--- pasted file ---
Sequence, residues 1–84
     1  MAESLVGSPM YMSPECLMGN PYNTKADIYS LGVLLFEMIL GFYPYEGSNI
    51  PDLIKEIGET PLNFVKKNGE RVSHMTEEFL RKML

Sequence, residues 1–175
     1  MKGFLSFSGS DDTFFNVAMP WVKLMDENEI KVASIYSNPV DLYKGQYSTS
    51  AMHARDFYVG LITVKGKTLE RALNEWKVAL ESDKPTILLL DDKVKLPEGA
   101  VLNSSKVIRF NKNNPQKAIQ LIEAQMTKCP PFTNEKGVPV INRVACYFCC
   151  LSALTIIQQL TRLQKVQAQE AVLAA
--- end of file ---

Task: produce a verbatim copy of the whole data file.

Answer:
Sequence, residues 1–84
     1  MAESLVGSPM YMSPECLMGN PYNTKADIYS LGVLLFEMIL GFYPYEGSNI
    51  PDLIKEIGET PLNFVKKNGE RVSHMTEEFL RKML

Sequence, residues 1–175
     1  MKGFLSFSGS DDTFFNVAMP WVKLMDENEI KVASIYSNPV DLYKGQYSTS
    51  AMHARDFYVG LITVKGKTLE RALNEWKVAL ESDKPTILLL DDKVKLPEGA
   101  VLNSSKVIRF NKNNPQKAIQ LIEAQMTKCP PFTNEKGVPV INRVACYFCC
   151  LSALTIIQQL TRLQKVQAQE AVLAA